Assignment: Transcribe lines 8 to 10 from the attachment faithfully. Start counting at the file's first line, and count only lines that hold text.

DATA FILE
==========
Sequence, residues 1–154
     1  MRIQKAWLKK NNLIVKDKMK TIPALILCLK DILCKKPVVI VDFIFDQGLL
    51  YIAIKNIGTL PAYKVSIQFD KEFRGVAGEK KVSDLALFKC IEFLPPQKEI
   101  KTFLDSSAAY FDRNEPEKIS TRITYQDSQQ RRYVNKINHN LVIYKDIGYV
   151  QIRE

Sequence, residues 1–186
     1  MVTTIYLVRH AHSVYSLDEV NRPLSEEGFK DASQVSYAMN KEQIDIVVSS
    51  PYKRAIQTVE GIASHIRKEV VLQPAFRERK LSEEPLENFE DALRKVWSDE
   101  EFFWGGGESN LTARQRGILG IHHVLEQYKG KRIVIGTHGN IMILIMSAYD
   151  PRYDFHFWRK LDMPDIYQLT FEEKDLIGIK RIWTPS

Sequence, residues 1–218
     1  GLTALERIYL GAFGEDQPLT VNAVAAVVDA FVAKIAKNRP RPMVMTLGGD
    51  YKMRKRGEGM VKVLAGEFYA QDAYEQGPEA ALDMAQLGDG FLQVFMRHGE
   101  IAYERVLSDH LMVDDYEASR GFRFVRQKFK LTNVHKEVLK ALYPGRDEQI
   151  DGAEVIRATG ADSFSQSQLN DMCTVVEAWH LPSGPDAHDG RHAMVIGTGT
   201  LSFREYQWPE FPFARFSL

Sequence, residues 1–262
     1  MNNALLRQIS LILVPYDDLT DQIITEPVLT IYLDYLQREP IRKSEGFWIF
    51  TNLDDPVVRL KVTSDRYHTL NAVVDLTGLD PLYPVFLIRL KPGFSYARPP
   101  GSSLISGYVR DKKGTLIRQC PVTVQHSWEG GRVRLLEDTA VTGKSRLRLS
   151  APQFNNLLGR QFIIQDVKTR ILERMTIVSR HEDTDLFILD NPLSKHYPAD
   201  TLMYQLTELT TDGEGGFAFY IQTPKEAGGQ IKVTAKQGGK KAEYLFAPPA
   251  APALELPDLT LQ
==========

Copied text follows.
    51  PYKRAIQTVE GIASHIRKEV VLQPAFRERK LSEEPLENFE DALRKVWSDE
   101  EFFWGGGESN LTARQRGILG IHHVLEQYKG KRIVIGTHGN IMILIMSAYD
   151  PRYDFHFWRK LDMPDIYQLT FEEKDLIGIK RIWTPS